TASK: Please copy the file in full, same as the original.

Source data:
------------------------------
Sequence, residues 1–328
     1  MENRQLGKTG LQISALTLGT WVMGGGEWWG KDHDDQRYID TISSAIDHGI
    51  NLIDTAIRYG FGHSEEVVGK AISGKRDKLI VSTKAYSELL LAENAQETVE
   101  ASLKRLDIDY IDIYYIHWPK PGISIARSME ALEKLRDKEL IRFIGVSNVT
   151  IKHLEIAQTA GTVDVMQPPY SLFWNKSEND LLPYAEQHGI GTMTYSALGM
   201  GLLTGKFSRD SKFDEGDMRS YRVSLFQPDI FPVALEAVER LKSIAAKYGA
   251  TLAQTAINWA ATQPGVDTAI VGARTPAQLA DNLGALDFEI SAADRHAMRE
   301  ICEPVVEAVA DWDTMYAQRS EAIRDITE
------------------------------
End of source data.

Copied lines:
Sequence, residues 1–328
     1  MENRQLGKTG LQISALTLGT WVMGGGEWWG KDHDDQRYID TISSAIDHGI
    51  NLIDTAIRYG FGHSEEVVGK AISGKRDKLI VSTKAYSELL LAENAQETVE
   101  ASLKRLDIDY IDIYYIHWPK PGISIARSME ALEKLRDKEL IRFIGVSNVT
   151  IKHLEIAQTA GTVDVMQPPY SLFWNKSEND LLPYAEQHGI GTMTYSALGM
   201  GLLTGKFSRD SKFDEGDMRS YRVSLFQPDI FPVALEAVER LKSIAAKYGA
   251  TLAQTAINWA ATQPGVDTAI VGARTPAQLA DNLGALDFEI SAADRHAMRE
   301  ICEPVVEAVA DWDTMYAQRS EAIRDITE